How to pay utility bills in Thailand — it’s easier than you think

One of the things you will need to do during your first few months living in Thailand is to pay your utility bills.

Depending on if you are living in a condominium, an apartment, a townhouse or a house, knowing how to pay utility bills in Thailand will make settling in in your new country a whole lot easier.




In most cases, your only two utility bills will be electricity and water as, if you use gas for cooking, that is bought in propane bottles from any propane supplier and then connected to your gas cooker.

You can either pick up bottles yourself when you need them, or arrange for them to be picked up by the supplier when empty and changed out for a new bottle.

 

How to pay utility bills in Thailand if you live in a condominium

If you are living in a condominium or a serviced apartment, you will pay your utility bills at the reception desk. While this is convenient, you will usually find the amount you are charged for your electricity bill and your water bill is higher than if you were living in an apartment, townhouse or house.

Ask when you move in how many baht per unit you will be charged for your electricity bill, and then compare it with the government rate.

That currently runs at 4.33 baht per  kilowatt hour (kWh). In a condominium or serviced apartment, however, you will often have to pay between 5-8 baht per kilowatt hour, so you will need to budget accordingly.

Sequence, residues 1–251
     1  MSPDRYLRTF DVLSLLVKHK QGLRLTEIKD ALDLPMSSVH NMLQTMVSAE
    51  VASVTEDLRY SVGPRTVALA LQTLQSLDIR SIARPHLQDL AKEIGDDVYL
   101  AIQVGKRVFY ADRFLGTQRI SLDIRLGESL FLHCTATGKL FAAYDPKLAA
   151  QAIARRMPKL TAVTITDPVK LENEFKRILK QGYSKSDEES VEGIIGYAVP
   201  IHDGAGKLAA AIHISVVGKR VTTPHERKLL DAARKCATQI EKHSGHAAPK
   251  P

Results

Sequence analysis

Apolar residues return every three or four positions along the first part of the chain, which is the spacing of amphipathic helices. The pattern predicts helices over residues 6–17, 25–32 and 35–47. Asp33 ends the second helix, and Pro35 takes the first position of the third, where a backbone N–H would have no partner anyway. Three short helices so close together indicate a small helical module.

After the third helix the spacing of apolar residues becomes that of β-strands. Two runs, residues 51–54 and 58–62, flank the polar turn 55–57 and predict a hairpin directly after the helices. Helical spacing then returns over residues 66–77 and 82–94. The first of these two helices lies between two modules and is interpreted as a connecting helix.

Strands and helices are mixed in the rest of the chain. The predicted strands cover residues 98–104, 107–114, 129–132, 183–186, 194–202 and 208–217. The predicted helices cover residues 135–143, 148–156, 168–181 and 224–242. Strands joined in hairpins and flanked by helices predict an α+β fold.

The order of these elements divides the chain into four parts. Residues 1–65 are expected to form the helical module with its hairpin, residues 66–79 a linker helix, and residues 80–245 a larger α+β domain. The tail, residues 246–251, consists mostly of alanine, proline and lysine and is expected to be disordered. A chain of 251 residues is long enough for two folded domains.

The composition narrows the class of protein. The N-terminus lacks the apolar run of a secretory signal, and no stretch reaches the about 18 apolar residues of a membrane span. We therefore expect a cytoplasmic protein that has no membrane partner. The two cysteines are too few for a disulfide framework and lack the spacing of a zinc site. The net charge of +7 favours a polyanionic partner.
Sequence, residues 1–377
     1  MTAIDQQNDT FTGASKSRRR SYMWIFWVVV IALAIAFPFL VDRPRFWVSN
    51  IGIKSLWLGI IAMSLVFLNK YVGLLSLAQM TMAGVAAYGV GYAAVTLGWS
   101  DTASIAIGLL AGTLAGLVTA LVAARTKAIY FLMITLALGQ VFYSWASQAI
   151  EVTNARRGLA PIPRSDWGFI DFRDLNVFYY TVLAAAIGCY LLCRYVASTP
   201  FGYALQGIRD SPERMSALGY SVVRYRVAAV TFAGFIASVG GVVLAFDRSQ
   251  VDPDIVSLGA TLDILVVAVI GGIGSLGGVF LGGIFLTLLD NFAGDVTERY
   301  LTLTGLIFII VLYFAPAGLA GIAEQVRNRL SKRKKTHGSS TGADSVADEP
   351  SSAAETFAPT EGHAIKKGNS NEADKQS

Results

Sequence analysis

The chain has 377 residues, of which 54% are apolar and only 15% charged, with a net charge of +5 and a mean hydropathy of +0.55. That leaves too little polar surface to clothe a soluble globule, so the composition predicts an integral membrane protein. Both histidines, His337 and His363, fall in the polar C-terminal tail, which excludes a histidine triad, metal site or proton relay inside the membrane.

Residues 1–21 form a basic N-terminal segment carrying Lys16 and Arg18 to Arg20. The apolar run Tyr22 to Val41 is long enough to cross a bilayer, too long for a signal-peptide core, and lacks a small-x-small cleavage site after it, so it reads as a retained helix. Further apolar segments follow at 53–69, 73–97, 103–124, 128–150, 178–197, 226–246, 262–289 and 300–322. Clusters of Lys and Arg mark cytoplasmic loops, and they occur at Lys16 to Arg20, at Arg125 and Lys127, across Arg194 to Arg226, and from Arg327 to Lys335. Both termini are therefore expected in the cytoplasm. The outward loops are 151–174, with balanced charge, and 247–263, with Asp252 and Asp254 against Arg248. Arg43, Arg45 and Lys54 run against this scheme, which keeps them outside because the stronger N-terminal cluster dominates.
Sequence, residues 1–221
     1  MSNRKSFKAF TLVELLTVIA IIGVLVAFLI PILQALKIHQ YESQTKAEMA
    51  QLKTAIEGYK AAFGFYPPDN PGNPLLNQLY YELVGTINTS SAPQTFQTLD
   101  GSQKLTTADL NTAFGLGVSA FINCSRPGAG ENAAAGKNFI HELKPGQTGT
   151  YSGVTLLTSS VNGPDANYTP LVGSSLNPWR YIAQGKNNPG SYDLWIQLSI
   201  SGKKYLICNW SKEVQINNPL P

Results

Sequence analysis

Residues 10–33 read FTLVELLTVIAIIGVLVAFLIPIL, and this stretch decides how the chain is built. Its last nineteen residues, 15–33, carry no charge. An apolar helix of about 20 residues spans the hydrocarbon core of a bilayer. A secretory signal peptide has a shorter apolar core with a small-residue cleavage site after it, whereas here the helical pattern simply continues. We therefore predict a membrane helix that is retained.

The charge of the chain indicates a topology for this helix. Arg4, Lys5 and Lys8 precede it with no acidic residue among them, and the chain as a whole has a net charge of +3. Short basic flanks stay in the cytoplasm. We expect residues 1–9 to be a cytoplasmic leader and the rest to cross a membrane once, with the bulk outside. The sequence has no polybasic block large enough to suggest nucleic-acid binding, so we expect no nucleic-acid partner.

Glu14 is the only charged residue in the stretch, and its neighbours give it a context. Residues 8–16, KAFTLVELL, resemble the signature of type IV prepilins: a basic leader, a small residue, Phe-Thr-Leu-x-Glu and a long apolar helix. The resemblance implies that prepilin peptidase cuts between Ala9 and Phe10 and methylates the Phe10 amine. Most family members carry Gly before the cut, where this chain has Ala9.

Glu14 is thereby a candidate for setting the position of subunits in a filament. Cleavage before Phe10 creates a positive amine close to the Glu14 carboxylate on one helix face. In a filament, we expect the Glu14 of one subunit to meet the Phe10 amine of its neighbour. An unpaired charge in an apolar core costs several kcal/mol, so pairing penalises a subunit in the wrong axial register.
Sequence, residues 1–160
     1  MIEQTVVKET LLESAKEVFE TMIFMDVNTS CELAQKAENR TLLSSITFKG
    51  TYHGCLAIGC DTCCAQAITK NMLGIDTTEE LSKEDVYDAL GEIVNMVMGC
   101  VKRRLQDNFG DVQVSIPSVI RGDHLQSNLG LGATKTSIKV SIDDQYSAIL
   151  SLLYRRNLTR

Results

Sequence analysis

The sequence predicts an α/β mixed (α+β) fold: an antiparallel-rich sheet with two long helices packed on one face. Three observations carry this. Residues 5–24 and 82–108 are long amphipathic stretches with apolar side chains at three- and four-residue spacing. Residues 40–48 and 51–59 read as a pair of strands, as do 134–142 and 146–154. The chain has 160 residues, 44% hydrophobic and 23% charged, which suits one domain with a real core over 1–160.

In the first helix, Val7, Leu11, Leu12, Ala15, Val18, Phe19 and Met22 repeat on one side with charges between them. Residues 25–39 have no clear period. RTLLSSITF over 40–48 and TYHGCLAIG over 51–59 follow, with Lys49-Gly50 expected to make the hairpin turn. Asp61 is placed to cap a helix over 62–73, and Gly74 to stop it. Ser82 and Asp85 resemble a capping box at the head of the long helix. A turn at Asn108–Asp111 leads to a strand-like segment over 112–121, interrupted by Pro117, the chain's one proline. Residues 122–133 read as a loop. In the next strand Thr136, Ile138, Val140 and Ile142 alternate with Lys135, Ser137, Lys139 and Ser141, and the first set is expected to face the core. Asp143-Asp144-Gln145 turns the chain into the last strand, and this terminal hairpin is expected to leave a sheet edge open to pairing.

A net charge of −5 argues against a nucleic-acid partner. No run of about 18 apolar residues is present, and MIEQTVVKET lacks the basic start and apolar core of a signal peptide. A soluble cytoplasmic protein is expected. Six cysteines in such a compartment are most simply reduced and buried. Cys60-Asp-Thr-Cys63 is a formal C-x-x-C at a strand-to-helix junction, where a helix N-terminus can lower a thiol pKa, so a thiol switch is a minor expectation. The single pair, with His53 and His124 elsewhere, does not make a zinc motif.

You water bill in Thailand, on the other hand, will be a flat fee of between 100-400 baht per person per month depending on the condominium.

How to pay utility bills in Thailand if you live in an apartment, townhouse or house

Living in an apartment, townhouse or house not only makes your electricity and water bill cheaper, it is actually very easy to pay them as well.

In most cases, you will have 3 options:

  1. Go to the local office of your electricity company or water company and pay it over the counter. The advantage of this is you will not be charged a service fee. The disadvantage is there is often a long wait as these offices deal with a lot more than just monthly bills.
  2. Your second option is to pay all your utility bills either at your bank or a post office. Just take the bill you received along with the amount due and pay a bank teller what is owed. There will be a service charge added onto each bill but, as it is not usually more than 25 baht (80 cents), it is not something you should be too concerned about. Depending on when you go, this is a faster option than the previous one.
  3. Pay at a 7-11. To do this, you must pay the bill before the due date. If you try to pay it after the due date, it cannot be processed at a 7-11.  When you do pay, simply give the original bill to any cashier. They will scan it and then ask for the amount due. Once you have paid the amount, a receipt will be generated and stapled to your original bill. Both pieces of paper are then returned to you. Just like at the bank, you will be charged a service fee — in this case, usually 10 baht (33 cents).